Day-to-Day Motivations

Each day we’re presented with a long list of responsibilities and activities.

Precrastinators tend to find motivation in accomplishing things, no matter how small, and can thrive on a long to-do list. They may have worked out, gotten a load of laundry in, responded to emails, and had a healthy breakfast all before many others have gotten out of bed.

Procrastinators, on the flip side, may feel anxious when tasks are piling up, further compounding the issue as time seems to slip away.

Here’s our working framework for handling day-to-day tasks:

happy young asian student doing homework and listening to music with earphones

Write It Down
Juggling a long to-do list in our brains creates anxiety and the desire to offload the tasks as quickly as possible, whether by doing them (precrastinators) or avoiding them (procrastinators). It doesn’t quite matter where you write things down — a digital notes app, a physical notepad, the back of a receipt — just do it, and do it quickly, before the idea escapes you and you spend the rest of the day trying to remember what that thing was.

person holding a book on wooden shelf

Categorize It
For this step, you’ll want a little more structure. We’ve developed this framework; you can use our digital versions, print out a weekly one, or even draw your own in a notebook. For each task, idea, project, and even indulgence, determine which section it belongs in and when you want to get to it.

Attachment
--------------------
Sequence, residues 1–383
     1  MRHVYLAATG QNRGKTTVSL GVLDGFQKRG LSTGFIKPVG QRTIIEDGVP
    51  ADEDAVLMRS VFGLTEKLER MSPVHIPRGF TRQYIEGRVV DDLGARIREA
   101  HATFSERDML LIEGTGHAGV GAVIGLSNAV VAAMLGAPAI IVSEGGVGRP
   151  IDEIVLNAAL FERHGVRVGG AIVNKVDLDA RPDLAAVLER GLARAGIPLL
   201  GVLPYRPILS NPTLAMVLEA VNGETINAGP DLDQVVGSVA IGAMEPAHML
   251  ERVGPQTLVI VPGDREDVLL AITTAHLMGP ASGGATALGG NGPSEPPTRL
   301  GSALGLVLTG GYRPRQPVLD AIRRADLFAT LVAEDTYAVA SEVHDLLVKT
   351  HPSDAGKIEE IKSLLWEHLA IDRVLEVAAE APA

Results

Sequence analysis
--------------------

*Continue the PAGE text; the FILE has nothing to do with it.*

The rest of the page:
crop faceless students writing report

Make a Plan
On most days, you’ll probably want to start with the things that are most important and urgent. But maybe not always. You can decide to give yourself a day off, and explicitly spend time on your “maybes,” which might include fun indulgences or adventures that don’t always make it to the top of the priority list, knowing that you’ll start the next day focused on the important and urgent section again.

(For precrastinators, this is actually hard to do, and takes determination. For procrastinators, it might be tempting to do too often. Here, we say know thyself, and lean into the approach that runs counter to your preinclination, at least some of the time.)

man checking information on laptop on timber table

Get It Done
Whatever you’ve committed to doing today, get started. There will inevitably be distractions, and you may not complete everything every day, but by periodically revisiting your framework, you’ll be able to monitor your progress and reassess, perhaps moving things to the following day if they’re not realistic for today, or even crossing things off that no longer seem important, or that someone else handled already.

Click here for examples of this framework in practice.